ProgramDescription
Golden State Finance Authority Platinum ProgramOffers down payment and closing cost assistance through a 15-year second loan for up to 5.5% of the first mortgage loan amount. This loan requires monthly payments and has the same interest rate as the primary mortgage. This program offers flexible income limits and is not limited to first-time home buyers.
Golden State Finance Authority Platinum Select ProgramOffers down payment and closing cost assistance for up to 5% of the first mortgage loan amount. Of that, 3.5% is a 15-year second loan that requires monthly payments and has the same interest rate as the primary mortgage. The remaining 1.5% may be made available as a grant that doesn’t need to be repaid. This program is only open to people in qualifying occupations, such as law enforcement, public education, first responders and medical and health care workers.
Golden State Finance Authority Assist-To-Own ProgramOffers up to 3.5% down payment assistance as a deferred-payment, zero-interest second loan. It also provides 2% as a grant that does not have to be repaid. Only available to county employees working for a GSFA member county.
Golden State Finance Authority Golden Opportunities ProgramOffers low- to moderate-income home buyers down payment assistance up to 5% of the first mortgage loan amount, with 3.5% offered as a 15-year second mortgage with monthly payments and 1.5% as a grant. This program works only with government-backed loans.
Los Angeles Low Income Purchase Assistance ProgramFirst-time home buyers with an annual household income of less than 80% of the area median income can receive up to $161,000 for purchase assistance, including a down payment and closing costs, as a deferred-payment shared-appreciation loan. Your credit score will need to be at least 660, and you’ll need to contribute at least 1% of the home price as a down payment.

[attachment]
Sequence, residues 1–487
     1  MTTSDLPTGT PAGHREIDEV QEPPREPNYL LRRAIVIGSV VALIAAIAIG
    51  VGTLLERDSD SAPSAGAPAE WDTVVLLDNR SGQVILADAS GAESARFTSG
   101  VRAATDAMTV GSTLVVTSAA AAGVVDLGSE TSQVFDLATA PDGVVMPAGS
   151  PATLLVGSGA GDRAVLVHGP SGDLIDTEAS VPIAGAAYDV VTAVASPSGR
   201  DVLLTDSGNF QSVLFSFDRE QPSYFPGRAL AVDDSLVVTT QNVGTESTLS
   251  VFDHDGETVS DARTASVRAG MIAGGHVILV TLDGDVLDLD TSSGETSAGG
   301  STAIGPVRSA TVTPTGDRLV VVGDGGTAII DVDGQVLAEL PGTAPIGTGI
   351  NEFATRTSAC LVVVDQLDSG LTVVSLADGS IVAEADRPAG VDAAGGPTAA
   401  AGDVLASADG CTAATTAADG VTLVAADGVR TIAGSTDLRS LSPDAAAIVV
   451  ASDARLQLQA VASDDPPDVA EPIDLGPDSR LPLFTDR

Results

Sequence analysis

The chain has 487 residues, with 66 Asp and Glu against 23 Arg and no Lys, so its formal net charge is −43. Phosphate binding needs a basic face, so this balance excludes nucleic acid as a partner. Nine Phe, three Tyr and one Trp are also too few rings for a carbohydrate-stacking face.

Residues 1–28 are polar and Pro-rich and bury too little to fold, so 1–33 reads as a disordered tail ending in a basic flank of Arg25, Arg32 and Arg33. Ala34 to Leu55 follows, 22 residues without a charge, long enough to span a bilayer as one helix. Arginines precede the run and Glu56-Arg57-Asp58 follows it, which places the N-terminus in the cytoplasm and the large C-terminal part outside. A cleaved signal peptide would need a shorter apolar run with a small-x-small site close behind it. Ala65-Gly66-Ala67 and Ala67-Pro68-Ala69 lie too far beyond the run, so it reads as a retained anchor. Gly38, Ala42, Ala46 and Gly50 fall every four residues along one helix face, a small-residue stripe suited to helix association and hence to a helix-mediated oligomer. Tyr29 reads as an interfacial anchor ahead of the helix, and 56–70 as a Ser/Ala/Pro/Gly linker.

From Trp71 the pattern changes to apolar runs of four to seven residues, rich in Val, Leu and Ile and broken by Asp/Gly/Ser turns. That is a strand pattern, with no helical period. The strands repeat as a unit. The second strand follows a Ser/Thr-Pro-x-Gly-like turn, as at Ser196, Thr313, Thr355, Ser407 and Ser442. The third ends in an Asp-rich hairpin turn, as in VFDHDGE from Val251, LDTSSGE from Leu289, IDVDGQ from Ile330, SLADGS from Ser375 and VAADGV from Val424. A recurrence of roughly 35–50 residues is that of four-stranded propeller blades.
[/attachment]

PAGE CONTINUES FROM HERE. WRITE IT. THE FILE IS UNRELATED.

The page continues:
Los Angeles Moderate Income Purchase Assistance ProgramOffers a deferred loan of up to $115,000 to cover your down payment or closing costs as a deferred-payment shared-appreciation second loan. To be eligible, you must meet income limits and contribute at least 1% of the purchase price as your down payment. However, this program is temporarily out of funding.
Oakland CalHome ProgramOffers a deferred loan of up to $200,000 on a 30-year second mortgage with 3% interest. To be eligible, you must be a first-time home buyer and contribute at least 3% of the purchase price to your down payment or closing costs.
Pomona First-Time Homebuyer Mortgage Assistance ProgramOffers down payment assistance as a deferred shared appreciation loan of up to $100,000 with a 15-year term. However, you must be a first-time home buyer and meet income limits.
Sacramento Permanent Local Housing AllocationOffers first-time home buyers a deferred payment loan of up to 20% of the purchase price to a maximum of $50,000.
City of San Diego First-Time Homebuyer Closing Cost Assistance GrantOffers first-time home buyers up to $10,000 in closing cost assistance.
City of San Diego Down Payment Assistance LoanOffers a down payment assistance loan of up to 25% of the purchase price at 3% simple interest.
San Francisco Down Payment Assistance Loan ProgramOffers low- to moderate-income home buyers up to $500,000 in down payment assistance as a deferred, second loan.

The Bottom Line

It can take a long time to save enough money to make a down payment and pay your closing costs – especially if you’re buying a home in California. CalHFA loan programs are designed to help make homeownership more affordable for first-time home buyers. If you’re ready to buy a home but haven’t been able to save enough money or get approved for a loan, one of these first-time home buyer programs might help you finally become a homeowner.